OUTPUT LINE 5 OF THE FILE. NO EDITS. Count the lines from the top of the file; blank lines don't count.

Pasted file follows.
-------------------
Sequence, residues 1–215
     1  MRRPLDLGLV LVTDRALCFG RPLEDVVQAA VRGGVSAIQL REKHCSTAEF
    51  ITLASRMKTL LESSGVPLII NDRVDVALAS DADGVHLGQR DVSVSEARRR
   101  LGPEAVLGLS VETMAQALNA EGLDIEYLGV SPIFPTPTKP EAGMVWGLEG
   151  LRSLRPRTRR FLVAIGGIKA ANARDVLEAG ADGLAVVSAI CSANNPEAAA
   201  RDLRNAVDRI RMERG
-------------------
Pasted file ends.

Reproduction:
   151  LRSLRPRTRR FLVAIGGIKA ANARDVLEAG ADGLAVVSAI CSANNPEAAA